Tobacco Retailers and Adolescent Smoking in South Korea
Gwon, Seok Hyun, Nursing - Graduate School of Arts and Sciences, University of Virginia
Kulbok, Pamela, School of Nursing, University of Virginia
Background: Smoking leads to various harmful effects on health. Most adult smokers initiate smoking during adolescence. Once smoking is established, it is difficult quit. Adolescents are impressionable and more receptive to tobacco marketing in tobacco retailers.
Purpose: The purpose of this study was to describe various licensed tobacco retailer factors and determine predictors of adolescent smoking outcomes including receptivity to tobacco marketing, lifetime smoking, and current smoking in South Korea.
Methods: This study used a cross-sectional descriptive correlational design. The survey was conducted with 740 adolescents aged 13 to 15 attending middle schools in Seoul, South Korea. Addresses of 3,488 licensed tobacco retailers were obtained from borough offices of Seoul. Geographic Information Systems were used to measure factors of licensed tobacco retailer and multilevel modeling was used to determine predictors of adolescent smoking outcomes.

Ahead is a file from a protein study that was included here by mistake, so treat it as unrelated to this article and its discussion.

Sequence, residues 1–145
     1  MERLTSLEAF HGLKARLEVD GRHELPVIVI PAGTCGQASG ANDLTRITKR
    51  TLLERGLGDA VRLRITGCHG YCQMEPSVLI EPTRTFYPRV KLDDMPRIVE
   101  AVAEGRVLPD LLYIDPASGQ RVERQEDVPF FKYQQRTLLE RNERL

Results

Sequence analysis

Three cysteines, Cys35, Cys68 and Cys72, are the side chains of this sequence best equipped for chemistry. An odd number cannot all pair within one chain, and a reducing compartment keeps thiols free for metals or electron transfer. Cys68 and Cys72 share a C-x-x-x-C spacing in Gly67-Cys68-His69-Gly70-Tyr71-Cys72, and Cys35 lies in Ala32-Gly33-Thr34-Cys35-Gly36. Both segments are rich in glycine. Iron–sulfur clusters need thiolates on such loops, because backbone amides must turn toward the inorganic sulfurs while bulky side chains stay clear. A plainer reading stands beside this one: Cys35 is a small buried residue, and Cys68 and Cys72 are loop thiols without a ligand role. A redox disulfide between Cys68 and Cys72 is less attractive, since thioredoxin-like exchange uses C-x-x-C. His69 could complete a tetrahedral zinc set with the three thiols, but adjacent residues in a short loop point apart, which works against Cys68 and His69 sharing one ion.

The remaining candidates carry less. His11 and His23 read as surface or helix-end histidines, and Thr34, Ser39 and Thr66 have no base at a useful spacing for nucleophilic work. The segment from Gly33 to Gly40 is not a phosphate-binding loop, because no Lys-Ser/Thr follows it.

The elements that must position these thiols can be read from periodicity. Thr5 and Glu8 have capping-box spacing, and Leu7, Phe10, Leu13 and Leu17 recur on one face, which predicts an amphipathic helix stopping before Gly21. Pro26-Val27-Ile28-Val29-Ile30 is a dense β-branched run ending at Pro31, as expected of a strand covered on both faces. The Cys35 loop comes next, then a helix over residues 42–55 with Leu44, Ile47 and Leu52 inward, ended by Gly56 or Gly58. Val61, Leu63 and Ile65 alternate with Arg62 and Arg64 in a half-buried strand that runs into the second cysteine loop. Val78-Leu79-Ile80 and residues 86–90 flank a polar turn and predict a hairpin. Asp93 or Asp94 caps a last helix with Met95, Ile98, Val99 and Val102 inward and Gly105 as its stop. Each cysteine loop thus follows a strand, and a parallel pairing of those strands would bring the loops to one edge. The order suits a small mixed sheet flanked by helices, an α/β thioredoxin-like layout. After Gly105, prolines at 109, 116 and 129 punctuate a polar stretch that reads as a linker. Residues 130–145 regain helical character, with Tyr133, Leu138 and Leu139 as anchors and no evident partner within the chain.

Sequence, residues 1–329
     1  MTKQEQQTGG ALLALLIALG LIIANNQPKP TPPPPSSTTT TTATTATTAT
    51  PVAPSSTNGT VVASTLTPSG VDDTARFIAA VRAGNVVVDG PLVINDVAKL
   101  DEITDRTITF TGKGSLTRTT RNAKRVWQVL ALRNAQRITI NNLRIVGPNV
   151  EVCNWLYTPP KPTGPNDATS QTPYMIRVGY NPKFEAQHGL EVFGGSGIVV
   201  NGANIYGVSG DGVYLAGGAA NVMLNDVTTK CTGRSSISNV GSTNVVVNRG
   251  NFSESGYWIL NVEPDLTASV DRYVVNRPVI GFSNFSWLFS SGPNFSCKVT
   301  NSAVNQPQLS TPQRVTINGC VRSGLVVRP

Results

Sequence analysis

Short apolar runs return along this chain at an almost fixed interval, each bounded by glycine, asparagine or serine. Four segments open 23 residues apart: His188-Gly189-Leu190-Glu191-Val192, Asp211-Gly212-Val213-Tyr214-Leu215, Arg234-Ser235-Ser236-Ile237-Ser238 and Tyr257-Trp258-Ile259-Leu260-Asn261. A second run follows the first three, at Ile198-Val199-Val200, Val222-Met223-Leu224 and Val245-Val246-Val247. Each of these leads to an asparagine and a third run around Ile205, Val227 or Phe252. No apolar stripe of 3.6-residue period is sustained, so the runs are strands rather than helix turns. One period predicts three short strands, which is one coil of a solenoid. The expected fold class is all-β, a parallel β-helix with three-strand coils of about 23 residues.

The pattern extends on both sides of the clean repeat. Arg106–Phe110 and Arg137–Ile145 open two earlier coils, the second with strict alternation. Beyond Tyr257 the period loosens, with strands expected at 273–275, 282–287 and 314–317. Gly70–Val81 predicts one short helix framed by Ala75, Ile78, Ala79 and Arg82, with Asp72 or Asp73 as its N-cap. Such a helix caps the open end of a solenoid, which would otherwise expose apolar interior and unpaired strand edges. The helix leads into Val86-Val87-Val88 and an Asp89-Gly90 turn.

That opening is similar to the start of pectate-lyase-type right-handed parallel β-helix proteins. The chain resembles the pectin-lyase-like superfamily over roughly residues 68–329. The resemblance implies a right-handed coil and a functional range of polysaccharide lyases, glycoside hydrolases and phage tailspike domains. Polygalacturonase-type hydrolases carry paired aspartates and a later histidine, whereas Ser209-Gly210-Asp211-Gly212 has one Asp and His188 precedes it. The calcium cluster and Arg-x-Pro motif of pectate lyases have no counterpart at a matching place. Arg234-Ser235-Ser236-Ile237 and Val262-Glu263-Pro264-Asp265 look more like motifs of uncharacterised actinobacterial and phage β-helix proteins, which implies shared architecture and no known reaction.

Results: Predictors of receptivity to tobacco marketing were peer smoking and number of licensed tobacco retailer passed when traveling to school or home. Predictors of lifetime smoking were gender, perceived economy, weekly allowance, sibling smoking, peer smoking, and number of licensed tobacco retailer passed. Predictors of current smoking were gender, weekly allowance, sibling smoking, and peer smoking.
Conclusions: Predictors found in this study need to be considered in adolescent tobacco prevention programs and policies. There is a need for the regulation of zoning and licensing of licensed tobacco retailers in areas frequented by adolescents.
PHD (Doctor of Philosophy)
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